Gender quotas are not necessarily a costly way of promoting equality, according to new research, which suggests there is a positive effect on company value.
The study, Gender diversity in corporate boards: evidence from quota-implied discontinuities by Olga Kuzmina from the New Economic School and Valentina Melentyeva from the University of Mannheim, shows that gender quotas do not impact on value to shareholders and runs counter to previous research on Norway which produced mixed results and seemed mostly to suggest a negative impact.
The researchers used data from all European countries that introduced percentage-based quotas for public companies, including the UK, France, Italy, Belgium, Spain, the Netherlands and Norway.
They say Norway may be an outlier and it may not be able to generalise its results for other contexts. The researchers also look in-depth at the possible reasons for their findings. They find that any loss of operating performance, such as lower sales to assets ratios, does not lead to lower market values and may in fact lead to the opposite. They say this suggests the organisations may have scaled back their client operations “consistent with evidence on women being less prone to empire building”.
The study is among a number on gender diversity to be presented at the Annual Congress of the European Economic Association this week. Another German study, Unintended consequences of gender quotas in a dual board system by researchers Alexandra Fedorets and Anna Gibert found a positive effect on the targeted supervisory board, but a relative decrease of female representation on the non-targeted management board and no change in the probability of women holding board presidency.
They say: “Although our results document that the short-term effect of gender quotas is limited, if not adverse, quotas have the potential to unfold their positive effect in the longer run. For quota laws to be truly effective in promoting women in all leading roles, the mandatory quotas must be coupled with active policies that reduce the search cost for female talent. In particular, this implies not just promoting qualified women other than those who are already sitting on boards, but also making female talent visible throughout all career stages, such as boosting the internal promotion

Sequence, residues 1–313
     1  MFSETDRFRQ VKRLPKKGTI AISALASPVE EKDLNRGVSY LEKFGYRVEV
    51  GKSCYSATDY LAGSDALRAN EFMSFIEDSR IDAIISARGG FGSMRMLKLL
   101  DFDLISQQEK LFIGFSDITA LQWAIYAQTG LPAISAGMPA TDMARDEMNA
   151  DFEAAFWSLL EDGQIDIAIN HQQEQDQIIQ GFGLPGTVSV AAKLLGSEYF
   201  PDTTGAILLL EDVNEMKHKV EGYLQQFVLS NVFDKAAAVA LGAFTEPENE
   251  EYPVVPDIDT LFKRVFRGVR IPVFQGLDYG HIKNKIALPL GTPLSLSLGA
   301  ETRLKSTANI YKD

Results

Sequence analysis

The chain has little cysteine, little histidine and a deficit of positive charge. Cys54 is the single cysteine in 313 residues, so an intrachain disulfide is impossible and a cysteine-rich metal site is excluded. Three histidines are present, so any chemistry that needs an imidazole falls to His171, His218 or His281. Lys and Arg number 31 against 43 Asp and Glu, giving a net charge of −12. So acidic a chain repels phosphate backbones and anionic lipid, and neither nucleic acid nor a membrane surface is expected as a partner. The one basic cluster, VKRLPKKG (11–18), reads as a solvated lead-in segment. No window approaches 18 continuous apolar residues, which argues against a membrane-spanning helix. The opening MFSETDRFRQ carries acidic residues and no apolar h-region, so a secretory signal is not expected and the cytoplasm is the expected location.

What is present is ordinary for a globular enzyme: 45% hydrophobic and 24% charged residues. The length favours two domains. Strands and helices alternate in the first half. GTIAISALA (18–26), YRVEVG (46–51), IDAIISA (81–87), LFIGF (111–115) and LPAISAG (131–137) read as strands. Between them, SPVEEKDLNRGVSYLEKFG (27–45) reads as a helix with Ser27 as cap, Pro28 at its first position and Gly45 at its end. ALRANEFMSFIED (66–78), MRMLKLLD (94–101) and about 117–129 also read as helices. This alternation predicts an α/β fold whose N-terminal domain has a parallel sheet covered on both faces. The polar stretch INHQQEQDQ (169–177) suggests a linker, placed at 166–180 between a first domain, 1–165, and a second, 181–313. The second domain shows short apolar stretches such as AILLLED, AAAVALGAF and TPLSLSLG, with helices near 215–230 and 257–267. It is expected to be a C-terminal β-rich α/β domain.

of women, which should be paired with policies for a better work-life balance for both genders.”
A US study echoes this concern about the supply side of women to board level. The study, Supply and demand side determinants of board gender imbalance: The US evidence led by Patricia Boyallian from Lancaster University Management School, examined why women are still heavily underrepresented in US boardrooms at a time when many countries are introducing policies such as gender quotas to achieve greater gender balance in boards. To understand this the researchers studied how successful women are, relative to men, in finding a second board appointment after an initial appointment.
They find that women do better than comparable men in terms of the quality, likelihood and speed of the second appointment. With regard to first appointments, however, they find that women tend to have significantly less leadership and work experience in quoted firms than men. They say: “Our findings are consistent with underrepresentation of women being more a consequence of supply side factors: in particular, a lack of opportunities for women to rise up the corporate ladder, so that only a small number of exceptionally capable women manage to be on the radar of nomination committees.”
A fourth study, based on a study of a South African affirmative action policy by Anna Minasyan and Stephan Klasen, suggests incentivised gender-based targets for senior managerial positions are likely to be more effective than quotas in increasing the representation of women at the top. It shows the affirmative action policy helped to increase the share of black women in top management positions from 18% in 2003 to 45% in 2015 of all black men and women at the senior level.